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Why Can’t My Car be Like My iPhone?

Why Can’t My Car be Like My iPhone?
by Roger C. Lanctot on 03-16-2016 at 12:00 pm

 Car companies must gaze with envy at Apple in the midst of its current confrontation with the Federal Bureau of Investigation in the U.S. over access to data on the iPhone of a terrorist. If only, they must say, if only we had Apple-like security for our cars.

By and large, when law enforcement agencies around the world need or want to extract data from a car they simply tear it apart, open it up and download it. The car maker very likely won’t even get a courtesy call.

Driving history, recent destinations, recent phone numbers called, contacts, you name it. If the driver or passengers paired their phones with the car, it’s all in there. One can only assume that the authorities have already torn apart the car owned by the shooters in San Bernadino, Syed Rizwan Farook and Tashfeen Malik. But the episode highlights the vast gulf that exists between handset security and automotive security.

For the most part, car companies concerned with vehicle security are focused on defeating thieves who are focused on stealing, spoofing or amplifying and redirecting wireless signals from keyfobs. Very little effort has been extended to the security hygiene of the connected systems inside the cars.

You can’t blame the car companies, really. With the requirement to keep the on-board diagnostic port open and available it almost seems pointless to try to secure the rest of the car. But car companies are trying. They must.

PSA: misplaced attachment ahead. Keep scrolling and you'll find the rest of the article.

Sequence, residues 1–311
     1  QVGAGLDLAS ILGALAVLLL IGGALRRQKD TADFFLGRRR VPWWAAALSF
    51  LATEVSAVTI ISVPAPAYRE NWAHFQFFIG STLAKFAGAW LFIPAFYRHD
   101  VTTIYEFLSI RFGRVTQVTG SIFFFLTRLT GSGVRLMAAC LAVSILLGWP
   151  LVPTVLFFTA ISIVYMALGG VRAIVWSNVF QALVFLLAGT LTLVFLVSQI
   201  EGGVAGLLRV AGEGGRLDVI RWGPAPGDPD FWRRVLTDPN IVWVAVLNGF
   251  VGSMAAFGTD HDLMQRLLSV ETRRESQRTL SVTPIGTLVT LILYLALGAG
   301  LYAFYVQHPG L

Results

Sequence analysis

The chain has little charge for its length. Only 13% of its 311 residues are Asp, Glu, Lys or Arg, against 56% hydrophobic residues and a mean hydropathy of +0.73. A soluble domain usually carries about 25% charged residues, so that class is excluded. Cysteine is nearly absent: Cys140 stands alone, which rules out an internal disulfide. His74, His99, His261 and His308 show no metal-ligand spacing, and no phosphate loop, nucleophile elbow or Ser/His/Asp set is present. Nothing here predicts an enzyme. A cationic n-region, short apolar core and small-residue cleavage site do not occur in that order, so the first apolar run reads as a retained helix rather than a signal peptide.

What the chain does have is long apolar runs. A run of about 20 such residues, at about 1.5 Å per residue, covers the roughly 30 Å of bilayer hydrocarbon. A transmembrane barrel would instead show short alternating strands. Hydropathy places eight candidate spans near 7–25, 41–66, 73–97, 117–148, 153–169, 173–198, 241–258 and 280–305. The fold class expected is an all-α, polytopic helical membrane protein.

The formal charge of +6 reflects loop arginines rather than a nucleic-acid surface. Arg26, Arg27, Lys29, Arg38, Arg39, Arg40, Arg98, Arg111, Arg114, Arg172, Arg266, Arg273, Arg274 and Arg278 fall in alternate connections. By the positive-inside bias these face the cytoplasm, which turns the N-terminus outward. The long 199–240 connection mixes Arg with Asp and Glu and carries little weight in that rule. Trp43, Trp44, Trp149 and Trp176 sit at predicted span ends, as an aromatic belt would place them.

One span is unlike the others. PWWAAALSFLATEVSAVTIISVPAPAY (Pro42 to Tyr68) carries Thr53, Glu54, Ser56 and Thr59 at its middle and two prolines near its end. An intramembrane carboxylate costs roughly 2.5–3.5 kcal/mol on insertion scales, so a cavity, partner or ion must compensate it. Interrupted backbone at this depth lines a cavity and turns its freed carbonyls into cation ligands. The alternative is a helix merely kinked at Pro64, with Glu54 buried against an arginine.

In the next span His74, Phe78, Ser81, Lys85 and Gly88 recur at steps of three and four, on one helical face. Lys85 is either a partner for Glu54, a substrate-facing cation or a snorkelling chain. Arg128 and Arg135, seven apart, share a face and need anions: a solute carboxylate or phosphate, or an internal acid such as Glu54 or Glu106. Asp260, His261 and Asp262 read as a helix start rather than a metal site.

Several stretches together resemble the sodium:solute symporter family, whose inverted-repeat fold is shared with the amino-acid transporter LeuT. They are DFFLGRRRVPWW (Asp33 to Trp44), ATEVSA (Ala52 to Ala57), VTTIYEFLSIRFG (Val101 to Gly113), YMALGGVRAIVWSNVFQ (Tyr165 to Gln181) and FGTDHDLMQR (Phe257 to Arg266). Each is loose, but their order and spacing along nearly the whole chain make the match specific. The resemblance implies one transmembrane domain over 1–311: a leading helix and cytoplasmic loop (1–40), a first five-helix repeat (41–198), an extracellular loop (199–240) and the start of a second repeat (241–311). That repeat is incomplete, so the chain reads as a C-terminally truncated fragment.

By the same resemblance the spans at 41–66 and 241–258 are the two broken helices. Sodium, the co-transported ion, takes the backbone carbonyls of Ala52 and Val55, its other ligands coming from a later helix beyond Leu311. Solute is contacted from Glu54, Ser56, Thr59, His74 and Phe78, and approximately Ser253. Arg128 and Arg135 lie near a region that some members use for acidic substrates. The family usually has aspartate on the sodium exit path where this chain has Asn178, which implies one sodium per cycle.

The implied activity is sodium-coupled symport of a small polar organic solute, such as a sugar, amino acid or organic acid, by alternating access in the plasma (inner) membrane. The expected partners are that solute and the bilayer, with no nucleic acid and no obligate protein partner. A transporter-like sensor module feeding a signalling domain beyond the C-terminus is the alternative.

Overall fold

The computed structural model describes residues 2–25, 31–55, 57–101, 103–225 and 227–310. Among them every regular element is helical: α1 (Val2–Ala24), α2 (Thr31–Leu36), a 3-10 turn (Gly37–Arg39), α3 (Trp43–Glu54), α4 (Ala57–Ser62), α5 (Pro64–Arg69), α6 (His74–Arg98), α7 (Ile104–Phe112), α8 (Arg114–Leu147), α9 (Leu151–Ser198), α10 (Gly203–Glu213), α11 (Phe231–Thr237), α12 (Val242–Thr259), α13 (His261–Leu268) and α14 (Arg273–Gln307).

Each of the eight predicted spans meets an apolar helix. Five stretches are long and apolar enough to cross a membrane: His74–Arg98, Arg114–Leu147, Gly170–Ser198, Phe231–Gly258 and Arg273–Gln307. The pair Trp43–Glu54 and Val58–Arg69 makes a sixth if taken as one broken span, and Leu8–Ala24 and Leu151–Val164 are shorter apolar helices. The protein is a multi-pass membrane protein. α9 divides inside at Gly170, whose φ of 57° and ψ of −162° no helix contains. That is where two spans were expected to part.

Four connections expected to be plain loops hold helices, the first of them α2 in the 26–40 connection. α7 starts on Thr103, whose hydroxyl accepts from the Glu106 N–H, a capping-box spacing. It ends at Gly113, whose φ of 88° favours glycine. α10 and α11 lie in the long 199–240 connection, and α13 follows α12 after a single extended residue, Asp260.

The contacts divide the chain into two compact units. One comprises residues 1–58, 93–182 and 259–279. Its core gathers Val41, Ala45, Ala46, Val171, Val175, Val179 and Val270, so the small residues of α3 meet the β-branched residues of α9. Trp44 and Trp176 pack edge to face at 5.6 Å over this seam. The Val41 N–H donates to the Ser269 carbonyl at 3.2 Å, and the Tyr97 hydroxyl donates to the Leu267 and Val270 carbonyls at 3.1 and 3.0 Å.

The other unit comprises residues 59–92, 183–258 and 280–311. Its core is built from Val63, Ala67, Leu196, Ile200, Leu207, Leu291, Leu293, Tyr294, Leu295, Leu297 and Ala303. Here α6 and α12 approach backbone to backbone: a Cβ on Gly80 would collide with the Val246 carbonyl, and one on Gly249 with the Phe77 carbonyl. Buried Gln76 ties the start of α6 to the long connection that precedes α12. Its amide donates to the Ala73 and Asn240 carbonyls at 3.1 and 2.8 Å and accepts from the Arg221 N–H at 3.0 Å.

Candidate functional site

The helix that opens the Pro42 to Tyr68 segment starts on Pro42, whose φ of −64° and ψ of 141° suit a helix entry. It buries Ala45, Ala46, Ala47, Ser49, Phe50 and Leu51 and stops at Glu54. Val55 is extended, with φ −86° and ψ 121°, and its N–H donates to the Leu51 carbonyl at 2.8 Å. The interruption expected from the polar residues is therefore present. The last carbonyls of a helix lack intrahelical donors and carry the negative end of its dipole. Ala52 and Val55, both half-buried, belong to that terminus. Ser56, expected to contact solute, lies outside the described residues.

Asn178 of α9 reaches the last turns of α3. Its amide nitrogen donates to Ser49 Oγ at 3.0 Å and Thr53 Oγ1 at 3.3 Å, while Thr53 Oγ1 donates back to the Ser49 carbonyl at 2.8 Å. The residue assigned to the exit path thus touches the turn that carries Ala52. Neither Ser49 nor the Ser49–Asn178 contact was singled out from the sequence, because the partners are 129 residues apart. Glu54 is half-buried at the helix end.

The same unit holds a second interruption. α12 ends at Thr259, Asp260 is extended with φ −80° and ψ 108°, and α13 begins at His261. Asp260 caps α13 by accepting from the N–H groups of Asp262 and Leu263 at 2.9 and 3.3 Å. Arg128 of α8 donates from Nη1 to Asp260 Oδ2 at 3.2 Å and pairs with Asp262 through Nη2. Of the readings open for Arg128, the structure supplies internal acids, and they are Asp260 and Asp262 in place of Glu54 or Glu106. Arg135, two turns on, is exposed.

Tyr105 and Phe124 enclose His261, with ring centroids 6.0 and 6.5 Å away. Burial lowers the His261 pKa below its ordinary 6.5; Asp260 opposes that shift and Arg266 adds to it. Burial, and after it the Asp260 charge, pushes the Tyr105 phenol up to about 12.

But imagine cars being so secure that investigators would have to ask permission to extract data. Today, a cottage industry is rapidly emerging around hacking cars – all over the world. Only it’s not called hacking. It’s called “reverse engineering.”

People reverse engineer cars for sport and the more they do the easier it seems to get and the less time seems to be required. Car companies are moving to create gateways to seal off the OBDII ports and to explore the creation of separate high speed CANbus networks. But these efforts are taking time and even if successful, the vulnerability of cars is likely to persist.

It hasn’t been that big of a concern before now. Cars weren’t gathering much data in the past. But now cars are building contextual information around driving history, vehicle performance, and personal information as connected cars and smartphones exchange and fuse multiple data sources and connected systems are used to manage customer relationships.

In the end, the iPhone itself may remain secure, but the car will become a four-wheeled snitch for the guilty and innocent alike. The most obvious example of this vulnerability and sloppiness in the automotive industry is the rental car with the previous driver’s call record in the head unit. As a first step toward establishing some half decent security hygiene, car makers need to start erasing smartphone data after the phones are disconnected.

But better disclosure and opt in procedures are needed along with explanations at the point of sale. Of course, the less information that is gathered from the customer in the first place, the better. But cars themselves will soon be scanning their surroundings and even scanning drivers and passengers with cameras in the cabin. Will this data be uploaded or discarded? Hard to say – the industry has yet to define a consistent policy.

And until the industry confronts its vulnerability in a forthright manner, pledges and promises to adhere to government guidelines are meaningless. While everyone is looking for Apple to make a car, maybe the automotive industry ought to look into what it takes to make an iPhone. It seems we have a lot to learn.

More articles from Roger…


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